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Prey Lang activists, police face off

Prey Lang activists, police face off

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Police confront villagers at the CRCK rubber firm in Prey Lang forest, in Kampong Thom, yesterday.

Kampong Thom province
The long journey of 300 villager-activists intent on exposing illegal logging in the endangered Prey Lang forest ended on the doorstep of rubber firm CRCK yesterday.

About 5pm, the villagers, some of whom had been walking for more than a week, emerged from the forest, broke down CRCK barricades and entered the grounds of the rubber firm – although police stopped them short of entering, and inspecting, the company’s sawmill.

Thirty-five-year-old Sen Sothea, of Stung Treng province, said that after numerous encounters with illegal loggers during their journey, he and the other villagers had no intention of leaving without achieving that particular goal.

“We have to go inside the company land and see the saw- mill, because they say they have never cut the trees,” he said.

“If they do nothing illegal, please let us go inside.”

Sen Sothea added that villagers planned to spend the night inside the company’s land concession, fearing that if they left, the police will prevent their return. “Even though they may shoot me dead, I have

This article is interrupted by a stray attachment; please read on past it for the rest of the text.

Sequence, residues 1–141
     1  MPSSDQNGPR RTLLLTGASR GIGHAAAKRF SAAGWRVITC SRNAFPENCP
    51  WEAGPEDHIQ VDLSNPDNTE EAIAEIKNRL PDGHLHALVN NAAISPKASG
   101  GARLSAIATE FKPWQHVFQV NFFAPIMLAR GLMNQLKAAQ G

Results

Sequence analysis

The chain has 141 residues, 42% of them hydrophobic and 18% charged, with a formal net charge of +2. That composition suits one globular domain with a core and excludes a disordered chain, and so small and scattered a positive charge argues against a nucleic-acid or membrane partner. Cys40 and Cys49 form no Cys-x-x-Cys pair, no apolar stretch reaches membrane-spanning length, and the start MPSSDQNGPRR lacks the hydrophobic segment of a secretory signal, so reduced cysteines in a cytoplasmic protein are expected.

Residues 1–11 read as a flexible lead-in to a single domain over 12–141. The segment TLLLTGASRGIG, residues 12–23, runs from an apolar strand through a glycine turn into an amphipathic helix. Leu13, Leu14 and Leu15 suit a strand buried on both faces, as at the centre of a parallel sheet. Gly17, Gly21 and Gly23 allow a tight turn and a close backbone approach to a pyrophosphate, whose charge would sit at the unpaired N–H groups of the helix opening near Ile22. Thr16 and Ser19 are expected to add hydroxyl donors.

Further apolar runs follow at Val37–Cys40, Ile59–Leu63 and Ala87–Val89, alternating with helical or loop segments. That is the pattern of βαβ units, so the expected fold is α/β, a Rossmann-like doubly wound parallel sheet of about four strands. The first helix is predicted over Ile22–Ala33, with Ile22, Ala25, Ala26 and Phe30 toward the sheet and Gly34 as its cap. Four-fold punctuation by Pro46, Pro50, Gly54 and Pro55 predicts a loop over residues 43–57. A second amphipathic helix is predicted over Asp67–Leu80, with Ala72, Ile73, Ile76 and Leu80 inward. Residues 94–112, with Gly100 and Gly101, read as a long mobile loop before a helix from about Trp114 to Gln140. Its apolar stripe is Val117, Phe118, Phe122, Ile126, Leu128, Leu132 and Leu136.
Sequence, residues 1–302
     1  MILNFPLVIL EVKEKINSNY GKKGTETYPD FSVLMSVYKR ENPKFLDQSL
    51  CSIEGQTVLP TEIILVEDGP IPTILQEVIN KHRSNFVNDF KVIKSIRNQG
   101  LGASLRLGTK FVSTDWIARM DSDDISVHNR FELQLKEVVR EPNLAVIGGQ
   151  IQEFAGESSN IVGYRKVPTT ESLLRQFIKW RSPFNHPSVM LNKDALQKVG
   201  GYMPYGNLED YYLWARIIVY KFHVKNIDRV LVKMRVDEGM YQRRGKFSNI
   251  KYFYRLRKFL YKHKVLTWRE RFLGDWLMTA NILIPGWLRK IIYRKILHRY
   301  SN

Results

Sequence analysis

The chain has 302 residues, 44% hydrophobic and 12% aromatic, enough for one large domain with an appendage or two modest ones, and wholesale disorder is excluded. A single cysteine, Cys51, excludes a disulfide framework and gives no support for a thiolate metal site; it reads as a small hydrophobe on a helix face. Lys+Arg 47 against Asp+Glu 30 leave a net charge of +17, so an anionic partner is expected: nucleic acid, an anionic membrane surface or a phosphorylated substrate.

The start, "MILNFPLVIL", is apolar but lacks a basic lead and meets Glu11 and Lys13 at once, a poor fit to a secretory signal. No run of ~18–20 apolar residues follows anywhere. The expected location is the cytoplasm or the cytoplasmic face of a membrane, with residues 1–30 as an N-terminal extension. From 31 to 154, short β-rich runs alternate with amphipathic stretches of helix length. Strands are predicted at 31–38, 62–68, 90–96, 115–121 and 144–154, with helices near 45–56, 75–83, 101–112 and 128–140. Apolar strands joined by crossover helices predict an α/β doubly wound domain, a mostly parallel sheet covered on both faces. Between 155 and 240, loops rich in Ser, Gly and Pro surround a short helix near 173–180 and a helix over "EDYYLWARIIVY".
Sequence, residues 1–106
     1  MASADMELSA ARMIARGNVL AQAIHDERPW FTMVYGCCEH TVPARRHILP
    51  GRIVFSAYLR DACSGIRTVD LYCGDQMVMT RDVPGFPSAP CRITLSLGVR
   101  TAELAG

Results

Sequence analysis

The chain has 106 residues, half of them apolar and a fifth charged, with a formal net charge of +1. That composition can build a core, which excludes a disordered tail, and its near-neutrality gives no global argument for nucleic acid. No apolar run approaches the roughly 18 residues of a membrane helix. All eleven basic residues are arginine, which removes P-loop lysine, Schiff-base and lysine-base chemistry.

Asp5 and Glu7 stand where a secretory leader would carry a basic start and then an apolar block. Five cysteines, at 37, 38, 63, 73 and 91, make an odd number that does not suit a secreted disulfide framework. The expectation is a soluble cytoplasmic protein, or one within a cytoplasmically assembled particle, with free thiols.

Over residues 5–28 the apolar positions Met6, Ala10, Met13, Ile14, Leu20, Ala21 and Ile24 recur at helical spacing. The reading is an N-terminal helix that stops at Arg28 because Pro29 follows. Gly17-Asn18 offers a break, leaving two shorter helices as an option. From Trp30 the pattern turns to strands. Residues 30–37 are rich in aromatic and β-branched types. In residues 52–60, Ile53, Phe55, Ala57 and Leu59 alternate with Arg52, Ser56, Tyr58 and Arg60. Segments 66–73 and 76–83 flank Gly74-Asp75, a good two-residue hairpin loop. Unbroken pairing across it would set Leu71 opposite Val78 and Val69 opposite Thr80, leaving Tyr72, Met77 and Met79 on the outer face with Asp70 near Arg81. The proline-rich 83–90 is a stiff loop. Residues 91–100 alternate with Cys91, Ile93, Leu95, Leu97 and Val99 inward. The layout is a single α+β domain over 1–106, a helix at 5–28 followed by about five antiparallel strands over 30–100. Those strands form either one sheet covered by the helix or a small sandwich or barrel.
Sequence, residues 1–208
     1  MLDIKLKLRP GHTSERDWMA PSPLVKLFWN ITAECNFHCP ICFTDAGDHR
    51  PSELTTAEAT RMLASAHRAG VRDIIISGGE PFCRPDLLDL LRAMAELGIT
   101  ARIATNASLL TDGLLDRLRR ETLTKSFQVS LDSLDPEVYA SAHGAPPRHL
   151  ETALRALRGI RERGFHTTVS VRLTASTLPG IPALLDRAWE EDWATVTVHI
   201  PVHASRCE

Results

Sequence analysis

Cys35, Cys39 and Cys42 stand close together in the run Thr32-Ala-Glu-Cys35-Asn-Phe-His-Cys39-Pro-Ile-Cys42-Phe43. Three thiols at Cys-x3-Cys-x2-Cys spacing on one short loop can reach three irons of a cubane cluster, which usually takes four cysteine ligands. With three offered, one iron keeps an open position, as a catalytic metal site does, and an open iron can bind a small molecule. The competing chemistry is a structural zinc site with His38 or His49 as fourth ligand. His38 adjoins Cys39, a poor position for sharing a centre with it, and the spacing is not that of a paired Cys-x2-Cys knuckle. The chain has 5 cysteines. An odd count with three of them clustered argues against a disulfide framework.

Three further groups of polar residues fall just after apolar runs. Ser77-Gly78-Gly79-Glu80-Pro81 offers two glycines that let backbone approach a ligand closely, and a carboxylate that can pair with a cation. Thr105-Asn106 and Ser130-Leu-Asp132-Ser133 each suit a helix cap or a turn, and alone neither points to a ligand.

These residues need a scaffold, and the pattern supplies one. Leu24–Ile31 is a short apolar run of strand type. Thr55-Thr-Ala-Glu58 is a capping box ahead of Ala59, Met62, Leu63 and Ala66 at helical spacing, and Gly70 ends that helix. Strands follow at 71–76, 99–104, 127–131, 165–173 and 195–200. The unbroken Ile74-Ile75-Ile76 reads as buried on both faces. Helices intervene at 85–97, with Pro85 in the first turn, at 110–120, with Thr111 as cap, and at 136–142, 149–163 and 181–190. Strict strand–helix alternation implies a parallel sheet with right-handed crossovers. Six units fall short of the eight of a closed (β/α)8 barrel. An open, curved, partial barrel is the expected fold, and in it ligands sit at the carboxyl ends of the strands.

to try to go inside the company to see the sawmill,” he said.

Another Stung Treng native, 55-year-old Eang Pisey, said  villagers had to stand against the company to protect the forest for the younger generation.

“We have to stand up to protect the trees,” she said. “Even if we have to walk longer than this, we will still continue to walk if we can protect the forest.”

Svay Thoeun, a villager from Preah Vihear, said he believed  the villagers should have the support of the authorities, but voiced a popular belief when he added that he thought those same authorites were likely protecting the rubber firm in return for cash.

Sandan district police officer Pen Bun swiftly rejected those claims, saying he had “never taken money from the company”, and that the reason he tried to prevent villagers entering CRCK property was because he feared they would destroy the firm’s rubber trees.

Puth Hou, a military police officer from Sandan district, added that he had never participated in illegal logging and that the only ones likely to benefit from such activity would be high-ranking officers.

Journalists heading to the scene of yesterday’s protests were delayed by a roadblock and about 20 police officers who barred their path. An argument ensued as police angrily insisted the reporters would need a letter of permission from the Ministry of Interior to continue, but ultimately relented after a 15-minute stand-off.

Sandan district governor Toun Mory said yesterday the villagers were breaking the law by tearing down the barriers and entering the company’s property, as CRCK’s 6,155-hectare concession was legally obtained from the government.

Chhim Savuth, project coordinator for the Cambodian Centre for Human Rights, said the authorities should be happy to have villagers who were willing to protect the forest, a likelihood he did not put much faith in.
“I think the reason that they did not allow villagers to go inside the company is because authorities have some [financial] interest in the company,” Chhim Savuth said.

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